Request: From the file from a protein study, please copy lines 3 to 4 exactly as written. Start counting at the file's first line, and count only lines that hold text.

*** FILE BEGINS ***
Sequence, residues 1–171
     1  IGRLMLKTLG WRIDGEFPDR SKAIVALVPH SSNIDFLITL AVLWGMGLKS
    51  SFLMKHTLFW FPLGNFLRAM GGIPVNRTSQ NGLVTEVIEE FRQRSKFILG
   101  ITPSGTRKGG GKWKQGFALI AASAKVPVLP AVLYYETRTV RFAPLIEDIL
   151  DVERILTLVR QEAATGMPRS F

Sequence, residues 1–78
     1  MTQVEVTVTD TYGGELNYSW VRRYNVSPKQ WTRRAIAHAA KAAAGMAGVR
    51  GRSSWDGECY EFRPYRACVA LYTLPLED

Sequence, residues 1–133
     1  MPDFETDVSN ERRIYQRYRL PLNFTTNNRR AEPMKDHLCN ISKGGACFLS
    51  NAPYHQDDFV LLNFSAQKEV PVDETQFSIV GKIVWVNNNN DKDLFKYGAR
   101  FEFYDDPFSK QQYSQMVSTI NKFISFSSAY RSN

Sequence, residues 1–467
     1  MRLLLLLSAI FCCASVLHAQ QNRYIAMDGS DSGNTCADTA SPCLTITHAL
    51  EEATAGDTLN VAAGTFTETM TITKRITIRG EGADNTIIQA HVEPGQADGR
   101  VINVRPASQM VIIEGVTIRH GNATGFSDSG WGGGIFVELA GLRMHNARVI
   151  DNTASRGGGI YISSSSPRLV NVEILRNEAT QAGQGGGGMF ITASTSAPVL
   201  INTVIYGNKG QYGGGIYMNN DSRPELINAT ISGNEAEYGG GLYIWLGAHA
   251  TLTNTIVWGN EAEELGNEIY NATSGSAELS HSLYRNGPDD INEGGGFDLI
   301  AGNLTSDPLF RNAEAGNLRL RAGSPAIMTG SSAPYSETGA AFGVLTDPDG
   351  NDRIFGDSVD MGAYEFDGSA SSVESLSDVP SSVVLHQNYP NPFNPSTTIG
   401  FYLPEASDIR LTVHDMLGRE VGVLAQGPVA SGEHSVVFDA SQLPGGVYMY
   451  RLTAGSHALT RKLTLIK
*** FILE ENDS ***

    51  SFLMKHTLFW FPLGNFLRAM GGIPVNRTSQ NGLVTEVIEE FRQRSKFILG
   101  ITPSGTRKGG GKWKQGFALI AASAKVPVLP AVLYYETRTV RFAPLIEDIL